New PM Articles for the Week of November 30 – December 6

Balloon SunriseNew project management articles published on the web during the week of November 30 – December 6. We give you a high-level view so you can read what interests you. Recommended:

Must read!

  • Patti Gilchrist recommends reducing the cost of poor quality with a risk-based testing strategy. And like most good project strategies, it starts at the beginning.
  • Art Petty encourages us to become more discriminating consumers of leadership content – getting away from the “happy talk” and digging into the dirty details.
  • Susanne Madsen details an approach for “up-skilling” an organization’s project managers.

Established Methods

  • Jeff Collins lists his top ten project management thought leaders to follow in 2016.
  • Justin Stoltzfus identifies trends in business intelligence and data analysis for 2016.
  • Todd Williams builds on an earlier post, on avoiding litigation when managing a project on behalf of a customer.
  • Nick Pisano continues his series on a general theory of project management, based on research into complex adaptive systems.
  • Elizabeth Harrin details “most effective practices” in business requirements management.
  • Harry Hall checklists the questions new team members need to have answered.
  • Gina Abudi identifies three challenges uncovered in a survey of managers who lead virtual teams, and strategies to handle them.
  • Martin Coomber demonstrates a few Visio process modeling productivity hacks.

Agile Methods

  • Glen Alleman notes that Agile at scale, in software-intensive systems-of-systems, is a very different Agile from five to eight developers in a room together.
  • Madhavi Ledalla expounds on release planning and release management – two critical techniques for delivering working software in iterations.
  • Esther Derby suggests that the team needs to understand what the product does, from the user’s point of view.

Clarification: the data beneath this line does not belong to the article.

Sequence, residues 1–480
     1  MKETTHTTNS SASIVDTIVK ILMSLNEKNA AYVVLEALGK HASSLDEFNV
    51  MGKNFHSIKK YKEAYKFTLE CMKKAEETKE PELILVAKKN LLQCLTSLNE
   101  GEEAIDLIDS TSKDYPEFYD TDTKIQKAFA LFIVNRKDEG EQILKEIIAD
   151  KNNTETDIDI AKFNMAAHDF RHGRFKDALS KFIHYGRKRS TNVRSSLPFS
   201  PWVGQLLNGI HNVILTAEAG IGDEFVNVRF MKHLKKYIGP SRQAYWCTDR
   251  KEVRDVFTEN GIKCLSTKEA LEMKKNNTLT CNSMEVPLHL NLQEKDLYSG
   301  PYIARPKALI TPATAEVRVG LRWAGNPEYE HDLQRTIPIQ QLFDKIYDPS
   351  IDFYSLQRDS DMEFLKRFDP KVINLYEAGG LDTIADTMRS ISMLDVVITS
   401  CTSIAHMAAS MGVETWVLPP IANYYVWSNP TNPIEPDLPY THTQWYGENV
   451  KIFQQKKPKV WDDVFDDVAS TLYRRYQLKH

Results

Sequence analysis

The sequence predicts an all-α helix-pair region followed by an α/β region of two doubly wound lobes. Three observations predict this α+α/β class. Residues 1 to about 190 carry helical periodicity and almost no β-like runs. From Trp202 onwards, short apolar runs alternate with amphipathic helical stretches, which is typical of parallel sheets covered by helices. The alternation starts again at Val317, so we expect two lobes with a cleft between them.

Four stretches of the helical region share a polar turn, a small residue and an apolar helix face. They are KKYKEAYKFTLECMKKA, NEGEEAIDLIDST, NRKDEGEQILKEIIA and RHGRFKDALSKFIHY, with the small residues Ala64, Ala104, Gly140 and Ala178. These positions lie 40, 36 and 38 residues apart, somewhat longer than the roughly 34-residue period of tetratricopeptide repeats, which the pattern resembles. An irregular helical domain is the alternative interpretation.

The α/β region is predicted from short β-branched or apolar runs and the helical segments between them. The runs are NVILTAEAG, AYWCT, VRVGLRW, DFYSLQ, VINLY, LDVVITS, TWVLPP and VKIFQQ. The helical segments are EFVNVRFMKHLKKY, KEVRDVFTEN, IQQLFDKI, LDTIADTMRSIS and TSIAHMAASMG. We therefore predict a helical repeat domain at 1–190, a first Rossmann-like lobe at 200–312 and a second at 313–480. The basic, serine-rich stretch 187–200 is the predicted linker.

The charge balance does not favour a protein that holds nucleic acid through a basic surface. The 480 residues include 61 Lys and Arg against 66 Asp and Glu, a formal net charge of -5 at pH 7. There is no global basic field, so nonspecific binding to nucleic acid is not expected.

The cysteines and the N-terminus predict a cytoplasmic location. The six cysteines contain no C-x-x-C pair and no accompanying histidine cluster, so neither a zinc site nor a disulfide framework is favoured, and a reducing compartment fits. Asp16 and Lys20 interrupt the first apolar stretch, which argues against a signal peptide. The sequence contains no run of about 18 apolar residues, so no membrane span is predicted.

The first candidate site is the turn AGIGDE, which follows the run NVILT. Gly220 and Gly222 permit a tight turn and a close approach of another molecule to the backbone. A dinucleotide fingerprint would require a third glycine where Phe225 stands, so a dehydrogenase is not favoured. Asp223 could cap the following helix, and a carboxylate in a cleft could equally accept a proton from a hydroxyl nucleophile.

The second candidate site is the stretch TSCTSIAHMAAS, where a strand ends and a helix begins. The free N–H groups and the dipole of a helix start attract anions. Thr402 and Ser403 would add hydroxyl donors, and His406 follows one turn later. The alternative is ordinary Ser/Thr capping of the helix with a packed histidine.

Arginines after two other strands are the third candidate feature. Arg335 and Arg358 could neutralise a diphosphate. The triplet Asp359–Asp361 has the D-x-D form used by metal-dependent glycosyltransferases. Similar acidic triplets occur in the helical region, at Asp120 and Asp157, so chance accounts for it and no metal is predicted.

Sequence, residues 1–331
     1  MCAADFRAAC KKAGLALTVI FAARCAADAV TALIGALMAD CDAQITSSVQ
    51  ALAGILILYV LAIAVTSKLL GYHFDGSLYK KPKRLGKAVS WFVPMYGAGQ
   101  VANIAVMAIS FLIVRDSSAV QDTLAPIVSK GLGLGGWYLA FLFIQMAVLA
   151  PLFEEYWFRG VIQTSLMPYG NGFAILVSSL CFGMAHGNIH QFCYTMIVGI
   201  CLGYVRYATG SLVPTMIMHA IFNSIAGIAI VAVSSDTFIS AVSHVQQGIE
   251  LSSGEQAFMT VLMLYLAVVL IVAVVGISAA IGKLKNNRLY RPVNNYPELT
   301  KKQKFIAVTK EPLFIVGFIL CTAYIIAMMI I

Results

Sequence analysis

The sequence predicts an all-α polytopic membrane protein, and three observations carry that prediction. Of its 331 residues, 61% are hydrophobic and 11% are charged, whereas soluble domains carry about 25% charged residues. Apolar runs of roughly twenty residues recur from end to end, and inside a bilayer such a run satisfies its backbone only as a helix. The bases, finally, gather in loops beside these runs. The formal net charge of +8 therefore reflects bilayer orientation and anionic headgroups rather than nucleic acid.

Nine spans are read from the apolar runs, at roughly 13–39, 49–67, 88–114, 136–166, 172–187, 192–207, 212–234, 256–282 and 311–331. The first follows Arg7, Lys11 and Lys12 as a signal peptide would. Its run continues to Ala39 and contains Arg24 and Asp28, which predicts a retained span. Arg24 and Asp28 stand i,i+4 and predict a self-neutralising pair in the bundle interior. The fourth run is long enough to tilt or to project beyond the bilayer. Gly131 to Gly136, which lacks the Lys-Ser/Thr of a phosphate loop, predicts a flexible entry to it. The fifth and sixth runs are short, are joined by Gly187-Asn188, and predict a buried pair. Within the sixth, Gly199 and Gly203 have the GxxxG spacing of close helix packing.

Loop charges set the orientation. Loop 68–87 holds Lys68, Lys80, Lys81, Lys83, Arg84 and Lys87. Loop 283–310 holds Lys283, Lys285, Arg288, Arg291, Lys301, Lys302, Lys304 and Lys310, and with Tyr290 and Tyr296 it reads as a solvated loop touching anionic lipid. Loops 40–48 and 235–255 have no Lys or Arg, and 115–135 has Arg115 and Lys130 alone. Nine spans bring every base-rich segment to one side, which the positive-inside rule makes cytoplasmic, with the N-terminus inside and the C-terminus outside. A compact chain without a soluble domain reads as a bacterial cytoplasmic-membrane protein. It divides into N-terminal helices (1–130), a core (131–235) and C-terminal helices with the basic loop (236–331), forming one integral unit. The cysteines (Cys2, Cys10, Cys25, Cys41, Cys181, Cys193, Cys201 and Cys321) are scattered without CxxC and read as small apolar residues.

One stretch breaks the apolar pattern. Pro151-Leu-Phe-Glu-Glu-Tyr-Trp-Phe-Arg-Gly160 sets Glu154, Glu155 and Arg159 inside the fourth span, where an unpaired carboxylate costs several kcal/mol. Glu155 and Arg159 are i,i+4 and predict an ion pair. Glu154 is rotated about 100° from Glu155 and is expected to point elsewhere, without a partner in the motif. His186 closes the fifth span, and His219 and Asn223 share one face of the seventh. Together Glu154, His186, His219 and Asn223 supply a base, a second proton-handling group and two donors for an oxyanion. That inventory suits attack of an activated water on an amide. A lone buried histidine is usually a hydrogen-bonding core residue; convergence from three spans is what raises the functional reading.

• Mike Cohn provides an example of how to use a zero-point estimate on a user story.
  • Johanna Rothman starts a series on applying Agile methods to hardware development projects.
  • Reuben Salisbury gives us five reasons why a physical Scrum board beats the one you can access from anywhere, on a variety of devices.

Applied Leadership

  • Eric Johnson provides an executive-level bit of advice: be quick to listen and slow to react.
  • Bruce Harpham summarizes key lessons from “The Truth About Employee Engagement,” by Patrick Lencioni.
  • Colin Ellis identifies five “types” of project managers, based on their observable behaviors.
  • Bertrand Duperrin says that humans must learn to work with robots – not because humans will be replaced, but because collaboration has more potential.
  • Seth Godin notes that it isn’t economically viable (or even possible) to please some percentage of your customers.

Podcasts and Videos

  • Cornelius Fichtner interviews Richard Larson on his PMI Global Congress presentation, “Entrepreneurial Business Analysis Practitioner.” Just 17 minutes, safe for work.
  • Jesse Fewell shares a rant: why would you even want to go Agile? It shouldn’t just be “fear of missing out;” you should be seeking transformation. Just five minutes, safe for work.
  • Elise Stevens interviews Marie Longworth on managing remote vendors. Just 18 minutes, safe for work.

Enjoy!